Imperial College London

Professor Yiannis Demiris

Faculty of EngineeringDepartment of Electrical and Electronic Engineering

Professor of Human-Centred Robotics, Head of ISN



+44 (0)20 7594 6300y.demiris Website




1014Electrical EngineeringSouth Kensington Campus






BibTex format

author = {Simmons, G and Demiris, Y},
doi = {10.1109/ICHR.2004.1442124},
pages = {215--234},
publisher = {IEEE},
title = {Imitation of human demonstration using a biologically inspired modular optimal control scheme},
url = {},
year = {2004}

RIS format (EndNote, RefMan)

AB - Download Citation Email Print Request Permissions Save to ProjectProgress in the field of humanoid robotics and the need to find simpler ways to program such robots has prompted research into computational models for robotic learning from human demonstration. To further investigate biologically inspired human-like robotic movement and imitation, we have constructed a framework based on three key features of human movement and planning: optimality, modularity and learning. In this paper we describe a computational motor system, based on the minimum variance model of human movement, that uses optimality principles to produce human-like movement in a robot arm. Within this motor system different movements are represented in a modular structure. When the system observes a demonstrated movement, the motor system uses these modules to produce motor commands which are used to update an internal state representation. This is used so that the system can recognize known movements and move the robot arm accordingly, or extract key features from the demonstrated movement and use them to learn a new module. The active involvement of the motor system in the recognition and learning of observed movements has its theoretical basis in the direct matching hypothesis and the use of a model for human-like movement allows the system to learn from human demonstration.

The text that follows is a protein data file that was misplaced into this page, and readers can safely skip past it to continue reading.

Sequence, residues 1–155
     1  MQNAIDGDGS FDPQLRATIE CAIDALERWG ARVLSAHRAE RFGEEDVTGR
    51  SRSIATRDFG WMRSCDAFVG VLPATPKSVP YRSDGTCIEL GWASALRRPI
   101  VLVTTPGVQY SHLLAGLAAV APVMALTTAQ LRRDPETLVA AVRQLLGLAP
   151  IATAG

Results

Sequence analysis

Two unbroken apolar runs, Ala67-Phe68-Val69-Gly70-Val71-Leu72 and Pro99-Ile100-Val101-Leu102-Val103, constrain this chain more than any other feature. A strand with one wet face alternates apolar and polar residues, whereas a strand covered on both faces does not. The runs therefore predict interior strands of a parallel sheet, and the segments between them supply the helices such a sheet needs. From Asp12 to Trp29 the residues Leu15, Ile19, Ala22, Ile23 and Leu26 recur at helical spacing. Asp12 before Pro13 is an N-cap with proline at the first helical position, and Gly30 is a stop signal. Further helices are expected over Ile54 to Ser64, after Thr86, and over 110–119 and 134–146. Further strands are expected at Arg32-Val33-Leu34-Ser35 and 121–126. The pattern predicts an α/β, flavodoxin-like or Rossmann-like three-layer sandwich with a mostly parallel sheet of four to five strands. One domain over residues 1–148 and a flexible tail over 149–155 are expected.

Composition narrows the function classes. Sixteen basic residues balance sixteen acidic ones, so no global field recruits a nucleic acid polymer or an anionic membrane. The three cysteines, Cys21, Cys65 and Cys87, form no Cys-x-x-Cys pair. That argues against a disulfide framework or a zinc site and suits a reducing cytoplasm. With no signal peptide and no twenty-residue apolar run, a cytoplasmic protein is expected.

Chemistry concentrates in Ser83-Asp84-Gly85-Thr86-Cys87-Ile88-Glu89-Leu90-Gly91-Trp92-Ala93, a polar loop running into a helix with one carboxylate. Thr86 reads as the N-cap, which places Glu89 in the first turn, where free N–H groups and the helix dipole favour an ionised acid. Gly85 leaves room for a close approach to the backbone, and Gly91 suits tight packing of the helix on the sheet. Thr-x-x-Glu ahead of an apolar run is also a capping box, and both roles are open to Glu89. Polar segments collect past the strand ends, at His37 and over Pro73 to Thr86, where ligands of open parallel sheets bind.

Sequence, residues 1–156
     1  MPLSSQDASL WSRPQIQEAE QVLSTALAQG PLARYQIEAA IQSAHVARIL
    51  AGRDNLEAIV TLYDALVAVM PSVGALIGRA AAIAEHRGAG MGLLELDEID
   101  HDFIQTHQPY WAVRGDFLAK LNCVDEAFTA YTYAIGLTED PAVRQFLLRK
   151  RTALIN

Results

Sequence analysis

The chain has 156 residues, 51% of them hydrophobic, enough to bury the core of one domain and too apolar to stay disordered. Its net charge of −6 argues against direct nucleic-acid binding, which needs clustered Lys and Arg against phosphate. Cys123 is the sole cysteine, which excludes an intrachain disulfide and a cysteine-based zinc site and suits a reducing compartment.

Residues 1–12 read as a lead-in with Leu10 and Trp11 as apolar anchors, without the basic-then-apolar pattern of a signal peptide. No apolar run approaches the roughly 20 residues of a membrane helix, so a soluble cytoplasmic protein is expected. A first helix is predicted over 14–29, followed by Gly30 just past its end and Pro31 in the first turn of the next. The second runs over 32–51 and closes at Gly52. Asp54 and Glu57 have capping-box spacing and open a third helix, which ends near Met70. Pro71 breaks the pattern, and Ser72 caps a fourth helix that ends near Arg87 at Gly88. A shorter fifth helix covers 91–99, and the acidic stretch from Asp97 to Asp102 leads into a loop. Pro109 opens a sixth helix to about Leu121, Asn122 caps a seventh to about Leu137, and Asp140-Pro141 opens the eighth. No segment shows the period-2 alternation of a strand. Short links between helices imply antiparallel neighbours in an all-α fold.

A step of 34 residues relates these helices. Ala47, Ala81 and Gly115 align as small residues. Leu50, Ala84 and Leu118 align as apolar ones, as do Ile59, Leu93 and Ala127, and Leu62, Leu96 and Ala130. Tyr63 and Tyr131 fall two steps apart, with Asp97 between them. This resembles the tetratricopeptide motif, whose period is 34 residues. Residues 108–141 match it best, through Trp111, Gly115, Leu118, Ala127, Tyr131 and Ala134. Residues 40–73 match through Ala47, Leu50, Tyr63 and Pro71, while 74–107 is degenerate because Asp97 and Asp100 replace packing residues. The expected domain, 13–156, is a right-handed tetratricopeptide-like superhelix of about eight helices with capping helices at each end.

AU - Simmons,G
AU - Demiris,Y
DO - 10.1109/ICHR.2004.1442124
EP - 234
PY - 2004///
SP - 215
TI - Imitation of human demonstration using a biologically inspired modular optimal control scheme
UR -
ER -